Baleen Whale Mask
Arts of the Americas
On View: Arts of the Americas Galleries, 5th Floor
This mask was likely worn by a Kwakwaka’wakw chief during winter potlatch ceremonies to demonstrate his prestige and to celebrate the bounty of the sea. Wearing the heavy mask along his back, the dancer would have manipulated interior cords controlling the mask’s fins, mouth, and tail to mimic swimming and diving. The inherited privilege of performing with a mask, along with its related stories, is passed down through generations, and descendants still perform the whale dance today.
Cedar wood, hide, cotton cord, nails, pigment
23 5/8 x 28 1/2 x 81 1/8 in. (60 x 72.4 x 206 cm) (show scale)
Museum Expedition 1908, Museum Collection Fund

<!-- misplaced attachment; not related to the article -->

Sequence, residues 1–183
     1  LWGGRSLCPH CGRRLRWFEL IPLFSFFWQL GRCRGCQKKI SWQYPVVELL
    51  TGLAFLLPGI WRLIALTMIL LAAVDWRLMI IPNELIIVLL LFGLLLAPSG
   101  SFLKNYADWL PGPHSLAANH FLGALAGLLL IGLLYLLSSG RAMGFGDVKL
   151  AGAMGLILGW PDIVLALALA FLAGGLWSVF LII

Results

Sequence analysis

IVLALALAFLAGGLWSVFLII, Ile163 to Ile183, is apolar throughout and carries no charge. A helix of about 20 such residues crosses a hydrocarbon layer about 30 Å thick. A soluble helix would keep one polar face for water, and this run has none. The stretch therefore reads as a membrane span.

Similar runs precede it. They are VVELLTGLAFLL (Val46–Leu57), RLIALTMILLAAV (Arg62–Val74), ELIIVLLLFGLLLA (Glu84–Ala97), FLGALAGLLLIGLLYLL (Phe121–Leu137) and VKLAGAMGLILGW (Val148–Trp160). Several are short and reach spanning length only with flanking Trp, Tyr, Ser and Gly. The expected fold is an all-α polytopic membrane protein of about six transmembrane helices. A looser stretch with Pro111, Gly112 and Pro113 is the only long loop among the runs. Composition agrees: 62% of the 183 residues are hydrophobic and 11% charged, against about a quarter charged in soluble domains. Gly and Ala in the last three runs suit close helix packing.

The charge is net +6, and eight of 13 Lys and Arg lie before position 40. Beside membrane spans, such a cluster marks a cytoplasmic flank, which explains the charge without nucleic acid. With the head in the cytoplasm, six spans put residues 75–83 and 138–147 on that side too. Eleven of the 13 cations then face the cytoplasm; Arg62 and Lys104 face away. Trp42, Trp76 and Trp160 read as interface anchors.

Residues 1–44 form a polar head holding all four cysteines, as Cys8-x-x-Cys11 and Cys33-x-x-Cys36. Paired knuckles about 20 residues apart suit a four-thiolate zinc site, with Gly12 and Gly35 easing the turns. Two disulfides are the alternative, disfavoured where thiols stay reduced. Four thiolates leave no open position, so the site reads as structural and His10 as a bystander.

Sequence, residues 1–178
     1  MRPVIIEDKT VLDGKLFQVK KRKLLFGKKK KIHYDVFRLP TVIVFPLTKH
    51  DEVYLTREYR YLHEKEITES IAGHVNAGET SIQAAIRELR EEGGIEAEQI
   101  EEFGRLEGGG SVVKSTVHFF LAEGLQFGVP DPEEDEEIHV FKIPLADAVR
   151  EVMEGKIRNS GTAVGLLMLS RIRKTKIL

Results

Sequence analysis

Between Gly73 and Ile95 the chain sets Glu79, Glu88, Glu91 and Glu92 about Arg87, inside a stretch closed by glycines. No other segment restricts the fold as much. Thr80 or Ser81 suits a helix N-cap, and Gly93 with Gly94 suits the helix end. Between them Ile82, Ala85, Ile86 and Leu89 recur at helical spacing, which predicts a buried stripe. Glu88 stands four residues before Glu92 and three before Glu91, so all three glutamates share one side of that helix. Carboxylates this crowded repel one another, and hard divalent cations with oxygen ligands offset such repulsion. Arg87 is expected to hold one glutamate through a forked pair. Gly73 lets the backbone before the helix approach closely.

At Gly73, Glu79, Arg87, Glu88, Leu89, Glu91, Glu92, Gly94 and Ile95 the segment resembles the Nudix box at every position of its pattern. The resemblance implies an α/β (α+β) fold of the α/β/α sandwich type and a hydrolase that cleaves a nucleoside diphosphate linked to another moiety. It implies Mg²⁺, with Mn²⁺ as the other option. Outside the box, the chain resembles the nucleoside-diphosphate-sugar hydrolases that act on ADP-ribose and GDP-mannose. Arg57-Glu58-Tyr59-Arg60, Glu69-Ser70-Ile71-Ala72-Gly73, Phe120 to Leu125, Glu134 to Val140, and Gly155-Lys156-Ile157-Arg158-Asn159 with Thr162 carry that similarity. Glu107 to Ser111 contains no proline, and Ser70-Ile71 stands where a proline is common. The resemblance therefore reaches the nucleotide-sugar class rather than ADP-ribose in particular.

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Kwakwaka'wakw. Baleen Whale Mask, 19th century. Cedar wood, hide, cotton cord, nails, pigment, 23 5/8 x 28 1/2 x 81 1/8 in. (60 x 72.4 x 206 cm). Brooklyn Museum, Museum Expedition 1908, Museum Collection Fund, 08.491.8901. Creative Commons-BY (Photo: Brooklyn Museum, 08.491.8901_SL1.jpg)
overall, 08.491.8901_SL1.jpg. Brooklyn Museum photograph
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Large wooden whale mask carved from 14 pieces of cedar, including the main body carved from one large piece that has been hollowed out. Movable lower jaw, flippers, and flukes are controlled with cords. Head is painted with red and blue nose and blue eye sockets. Beneath each eye, is black stripe with white dots. Collar is made up of a blue fin design. The whale's blow hole is in the form of a painted and carved face. The dorsil fin, once detachable, is painted and carved with an animal face in profile. The torso is painted with white and blue stripes, and large white dots, running the length of the body which has a white underside.
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